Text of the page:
ATbar The IHH: Humanitarianism, Terrorism, and Policy Ambiguities

The IHH: Humanitarianism, Terrorism, and Policy Ambiguities

30/12/2010 | by Multiple Authors  

By A.E. Stahl *and Sheena Reiss** 

Purpose of Article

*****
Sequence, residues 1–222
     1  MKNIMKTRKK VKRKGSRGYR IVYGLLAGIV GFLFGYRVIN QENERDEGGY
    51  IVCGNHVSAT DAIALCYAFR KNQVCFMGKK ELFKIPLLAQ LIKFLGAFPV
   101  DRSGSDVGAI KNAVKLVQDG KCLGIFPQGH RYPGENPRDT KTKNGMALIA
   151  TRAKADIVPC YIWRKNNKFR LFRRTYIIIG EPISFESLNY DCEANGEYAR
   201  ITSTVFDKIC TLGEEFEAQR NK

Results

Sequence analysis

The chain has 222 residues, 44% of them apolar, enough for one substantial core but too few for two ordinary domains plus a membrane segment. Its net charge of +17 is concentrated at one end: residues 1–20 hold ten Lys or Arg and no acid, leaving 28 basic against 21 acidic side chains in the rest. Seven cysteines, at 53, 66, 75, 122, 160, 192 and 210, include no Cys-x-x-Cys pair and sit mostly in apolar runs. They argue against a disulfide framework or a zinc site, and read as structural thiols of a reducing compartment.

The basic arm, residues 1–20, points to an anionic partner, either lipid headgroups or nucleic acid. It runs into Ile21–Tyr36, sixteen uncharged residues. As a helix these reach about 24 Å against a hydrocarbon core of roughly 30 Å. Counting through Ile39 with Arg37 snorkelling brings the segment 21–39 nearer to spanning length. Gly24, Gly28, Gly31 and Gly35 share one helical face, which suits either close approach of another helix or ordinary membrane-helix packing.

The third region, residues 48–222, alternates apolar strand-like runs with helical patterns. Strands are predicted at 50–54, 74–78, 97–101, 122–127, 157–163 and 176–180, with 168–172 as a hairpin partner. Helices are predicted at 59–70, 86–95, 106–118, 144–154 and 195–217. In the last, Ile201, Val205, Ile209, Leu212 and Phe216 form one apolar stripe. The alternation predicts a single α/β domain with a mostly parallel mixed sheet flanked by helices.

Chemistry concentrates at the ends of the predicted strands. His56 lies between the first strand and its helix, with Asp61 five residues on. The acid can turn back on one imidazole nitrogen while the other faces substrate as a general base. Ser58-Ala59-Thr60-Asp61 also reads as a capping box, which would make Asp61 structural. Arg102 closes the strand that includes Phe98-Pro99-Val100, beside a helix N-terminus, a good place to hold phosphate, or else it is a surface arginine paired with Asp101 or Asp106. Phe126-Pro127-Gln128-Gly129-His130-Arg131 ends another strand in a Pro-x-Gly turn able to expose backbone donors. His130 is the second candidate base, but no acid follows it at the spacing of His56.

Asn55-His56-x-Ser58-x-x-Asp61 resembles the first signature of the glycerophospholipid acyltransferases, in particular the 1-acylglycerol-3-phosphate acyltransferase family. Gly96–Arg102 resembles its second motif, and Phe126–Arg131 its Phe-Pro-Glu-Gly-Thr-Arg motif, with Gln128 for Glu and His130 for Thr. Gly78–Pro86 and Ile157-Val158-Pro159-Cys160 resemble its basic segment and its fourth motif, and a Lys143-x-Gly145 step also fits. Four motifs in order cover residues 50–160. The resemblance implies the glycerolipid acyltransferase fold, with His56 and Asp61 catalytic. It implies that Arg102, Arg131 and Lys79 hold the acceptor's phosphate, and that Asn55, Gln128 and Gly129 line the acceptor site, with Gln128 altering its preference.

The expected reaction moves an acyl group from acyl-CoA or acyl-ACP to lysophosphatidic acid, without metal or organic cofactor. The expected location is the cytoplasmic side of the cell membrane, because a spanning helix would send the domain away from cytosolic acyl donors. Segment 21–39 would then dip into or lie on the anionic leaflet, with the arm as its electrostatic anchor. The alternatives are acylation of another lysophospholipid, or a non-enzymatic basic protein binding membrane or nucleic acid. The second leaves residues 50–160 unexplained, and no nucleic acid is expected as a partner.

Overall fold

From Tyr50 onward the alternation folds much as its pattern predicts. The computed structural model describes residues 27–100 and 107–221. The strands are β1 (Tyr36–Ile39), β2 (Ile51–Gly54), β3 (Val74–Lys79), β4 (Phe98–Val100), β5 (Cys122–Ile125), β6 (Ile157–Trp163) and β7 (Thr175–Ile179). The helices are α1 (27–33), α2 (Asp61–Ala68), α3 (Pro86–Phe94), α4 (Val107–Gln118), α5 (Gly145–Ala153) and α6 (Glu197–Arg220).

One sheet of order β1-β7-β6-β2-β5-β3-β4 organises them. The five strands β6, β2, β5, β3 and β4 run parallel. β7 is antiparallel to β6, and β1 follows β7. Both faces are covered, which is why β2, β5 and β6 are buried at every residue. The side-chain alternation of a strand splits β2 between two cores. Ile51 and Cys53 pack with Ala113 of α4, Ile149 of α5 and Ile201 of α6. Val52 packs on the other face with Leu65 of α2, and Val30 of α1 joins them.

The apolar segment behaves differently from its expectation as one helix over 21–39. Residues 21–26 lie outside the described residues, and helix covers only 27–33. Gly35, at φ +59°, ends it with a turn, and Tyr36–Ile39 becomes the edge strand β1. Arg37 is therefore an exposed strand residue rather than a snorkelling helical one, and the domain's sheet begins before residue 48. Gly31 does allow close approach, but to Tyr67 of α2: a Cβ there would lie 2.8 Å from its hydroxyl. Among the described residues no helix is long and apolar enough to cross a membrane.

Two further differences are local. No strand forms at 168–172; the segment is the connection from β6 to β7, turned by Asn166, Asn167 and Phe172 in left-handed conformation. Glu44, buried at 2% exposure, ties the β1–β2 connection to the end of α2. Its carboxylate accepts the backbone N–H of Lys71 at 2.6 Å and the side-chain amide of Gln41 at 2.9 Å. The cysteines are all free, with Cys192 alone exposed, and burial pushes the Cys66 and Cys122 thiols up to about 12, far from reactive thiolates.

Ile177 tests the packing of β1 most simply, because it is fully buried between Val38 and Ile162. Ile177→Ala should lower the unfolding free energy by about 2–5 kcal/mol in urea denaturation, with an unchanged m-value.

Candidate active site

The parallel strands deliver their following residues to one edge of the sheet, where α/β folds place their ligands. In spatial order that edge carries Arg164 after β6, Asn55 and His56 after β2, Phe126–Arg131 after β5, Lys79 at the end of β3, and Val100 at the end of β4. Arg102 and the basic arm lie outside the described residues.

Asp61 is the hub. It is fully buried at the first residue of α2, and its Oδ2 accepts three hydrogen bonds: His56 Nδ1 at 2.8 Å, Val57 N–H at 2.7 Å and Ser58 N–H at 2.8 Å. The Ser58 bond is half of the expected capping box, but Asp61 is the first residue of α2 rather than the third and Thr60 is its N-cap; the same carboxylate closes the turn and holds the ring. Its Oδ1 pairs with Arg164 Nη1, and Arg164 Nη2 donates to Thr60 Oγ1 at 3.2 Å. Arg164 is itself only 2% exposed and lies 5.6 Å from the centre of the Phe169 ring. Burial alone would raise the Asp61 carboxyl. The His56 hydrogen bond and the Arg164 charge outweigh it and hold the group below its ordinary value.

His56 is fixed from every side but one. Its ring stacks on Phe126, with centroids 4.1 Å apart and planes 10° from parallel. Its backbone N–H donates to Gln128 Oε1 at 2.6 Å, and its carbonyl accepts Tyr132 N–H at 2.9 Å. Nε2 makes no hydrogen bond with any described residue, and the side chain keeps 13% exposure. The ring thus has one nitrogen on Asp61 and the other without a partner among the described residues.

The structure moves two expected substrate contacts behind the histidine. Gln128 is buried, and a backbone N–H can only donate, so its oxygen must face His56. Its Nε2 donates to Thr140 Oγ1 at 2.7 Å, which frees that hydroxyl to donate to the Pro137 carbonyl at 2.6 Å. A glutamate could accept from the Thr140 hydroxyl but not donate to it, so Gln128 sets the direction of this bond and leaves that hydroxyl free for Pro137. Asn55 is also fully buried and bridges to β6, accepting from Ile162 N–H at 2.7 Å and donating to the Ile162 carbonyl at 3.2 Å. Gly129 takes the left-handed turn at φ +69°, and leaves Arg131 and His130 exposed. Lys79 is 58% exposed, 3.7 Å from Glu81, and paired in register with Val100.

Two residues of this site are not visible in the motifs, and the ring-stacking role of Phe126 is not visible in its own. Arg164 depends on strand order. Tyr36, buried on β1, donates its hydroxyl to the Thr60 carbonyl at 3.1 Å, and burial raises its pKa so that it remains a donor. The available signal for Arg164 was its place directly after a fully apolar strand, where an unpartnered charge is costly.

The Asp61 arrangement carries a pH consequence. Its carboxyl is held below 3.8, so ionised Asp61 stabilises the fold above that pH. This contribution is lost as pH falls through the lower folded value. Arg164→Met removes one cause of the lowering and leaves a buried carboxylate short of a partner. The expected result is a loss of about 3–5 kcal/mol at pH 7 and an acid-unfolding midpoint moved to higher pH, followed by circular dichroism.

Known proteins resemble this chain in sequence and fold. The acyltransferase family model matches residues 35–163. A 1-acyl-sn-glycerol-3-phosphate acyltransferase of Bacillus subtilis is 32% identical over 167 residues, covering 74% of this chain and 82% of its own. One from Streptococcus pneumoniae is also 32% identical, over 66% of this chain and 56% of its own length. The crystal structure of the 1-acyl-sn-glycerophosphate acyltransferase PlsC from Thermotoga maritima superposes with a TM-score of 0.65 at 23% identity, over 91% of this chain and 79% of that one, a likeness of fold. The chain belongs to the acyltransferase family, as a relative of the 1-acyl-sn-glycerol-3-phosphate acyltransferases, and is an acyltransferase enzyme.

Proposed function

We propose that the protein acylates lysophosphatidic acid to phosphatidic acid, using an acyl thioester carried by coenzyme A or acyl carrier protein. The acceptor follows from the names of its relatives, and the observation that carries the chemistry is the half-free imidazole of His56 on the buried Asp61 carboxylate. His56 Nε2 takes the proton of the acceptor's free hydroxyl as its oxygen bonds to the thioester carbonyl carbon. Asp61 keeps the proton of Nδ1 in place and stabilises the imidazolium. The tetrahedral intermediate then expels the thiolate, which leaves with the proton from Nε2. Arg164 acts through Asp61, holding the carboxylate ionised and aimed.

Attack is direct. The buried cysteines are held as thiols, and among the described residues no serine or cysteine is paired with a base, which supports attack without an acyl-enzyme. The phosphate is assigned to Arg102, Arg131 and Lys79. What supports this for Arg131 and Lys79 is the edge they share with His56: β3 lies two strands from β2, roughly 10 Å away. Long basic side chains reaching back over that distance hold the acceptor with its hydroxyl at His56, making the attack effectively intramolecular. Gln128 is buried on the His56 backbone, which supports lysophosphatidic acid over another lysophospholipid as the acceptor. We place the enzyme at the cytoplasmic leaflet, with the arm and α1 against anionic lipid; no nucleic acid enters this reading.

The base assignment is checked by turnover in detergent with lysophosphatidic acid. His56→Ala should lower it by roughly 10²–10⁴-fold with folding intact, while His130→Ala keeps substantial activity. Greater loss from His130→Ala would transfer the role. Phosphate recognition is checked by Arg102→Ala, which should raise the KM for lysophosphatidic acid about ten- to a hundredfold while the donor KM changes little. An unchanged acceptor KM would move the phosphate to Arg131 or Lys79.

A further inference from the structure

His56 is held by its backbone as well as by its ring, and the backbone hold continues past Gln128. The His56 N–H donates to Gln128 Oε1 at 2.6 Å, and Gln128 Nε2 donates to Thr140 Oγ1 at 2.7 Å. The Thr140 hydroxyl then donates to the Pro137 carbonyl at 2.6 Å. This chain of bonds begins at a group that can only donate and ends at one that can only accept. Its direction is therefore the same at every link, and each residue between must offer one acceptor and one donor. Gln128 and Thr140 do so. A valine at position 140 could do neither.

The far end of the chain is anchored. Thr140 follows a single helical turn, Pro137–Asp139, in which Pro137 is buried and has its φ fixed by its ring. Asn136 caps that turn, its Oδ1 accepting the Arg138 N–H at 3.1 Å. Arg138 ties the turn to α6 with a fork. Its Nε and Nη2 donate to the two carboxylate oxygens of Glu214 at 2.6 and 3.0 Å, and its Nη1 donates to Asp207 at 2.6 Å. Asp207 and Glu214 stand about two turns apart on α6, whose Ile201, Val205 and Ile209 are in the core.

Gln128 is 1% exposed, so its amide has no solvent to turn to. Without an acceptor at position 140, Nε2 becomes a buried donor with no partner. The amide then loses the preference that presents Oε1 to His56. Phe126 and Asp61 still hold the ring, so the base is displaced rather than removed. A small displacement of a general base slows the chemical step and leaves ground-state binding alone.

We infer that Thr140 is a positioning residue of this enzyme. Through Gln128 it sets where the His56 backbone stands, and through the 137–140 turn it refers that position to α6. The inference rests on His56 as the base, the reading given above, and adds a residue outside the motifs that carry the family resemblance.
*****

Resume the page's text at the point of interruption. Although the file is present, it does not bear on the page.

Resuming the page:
On 22 September 2010, a 3-member fact-finding panel with the United Nations Human Rights Council (UNHRC) issued a verdict on Israel’s military action regarding the May 2010 Gaza flotilla.[1] A week later the UNHRC endorsed the panel’s report.[2] Just over two weeks following that report, Turkish families requested that the International Criminal Court (ICC) undertake an investigation into the military action on board one of the vessels.[3] The majority of the UNHRC’s investigation and subsequent verdict are related specifically to the Mavi Marmara vessel – a ship purchased by the Turkish IHH from the Turkish government, sailing under the flag of the Comoros Islands. It was on this ship that nine Turkish activists were killed. The Mavi Marmara was one of six ships to partake in the flotilla and was co-organized by the Turkish Islamist organization – the Foundation for Human Rights and Freedoms and Humanitarian Relief (IHH). The purpose of the flotilla was to attempt to break an Israeli-imposed naval blockade in order to reach the Gaza Strip. A panel comprised of three individuals handed down the verdict: Desmond de Silva, Karl T. Hudson-Phillips, and Mary Shanthi Dairiam. Israel chose not to involve itself in this specific investigation, stating that it would cooperate with a UN investigative panel appointed by Secretary-General Ban Ki-Moon, including the former Prime Minister of New Zealand, Geoffrey Palmer and former Colombian President, Alvaro Uribe; that panel has yet to release its findings.[4] The 3-member panel’s end result is a 56 page report, described as a “fact-finding” mission concerning the results “from the Israeli attacks on the flotilla of ships” in route to the Gaza Strip.[5] Further, in the UNHRC’s conclusions it deemed that Israeli military conduct vis-à-vis flotilla activists (i.e. Mavi Marmara) “was not only disproportionate to the occasion but demonstrated levels of totally unnecessary and incredible violence…unacceptable level of brutality…conduct cannot be justified or cordoned on security or any other grounds…” The UNHRC report also deemed Israel’s military action as having “constituted grave violations of human rights law and international humanitarian law.” The report also stated that there exists “clear evidence to support prosecutions of the following crimes within the terms of article 147 of the Fourth Geneva Convention: Willful killing; torture or inhuman treatment; willfully causing great suffering or serious injury to body or health.” The UNHRC arrived at a “firm conclusion” that a humanitarian crisis in Gaza existed at the time of the flotilla and therefore, "for this reason alone” Israel’s naval blockade was deemed “unlawful and cannot be sustained in law."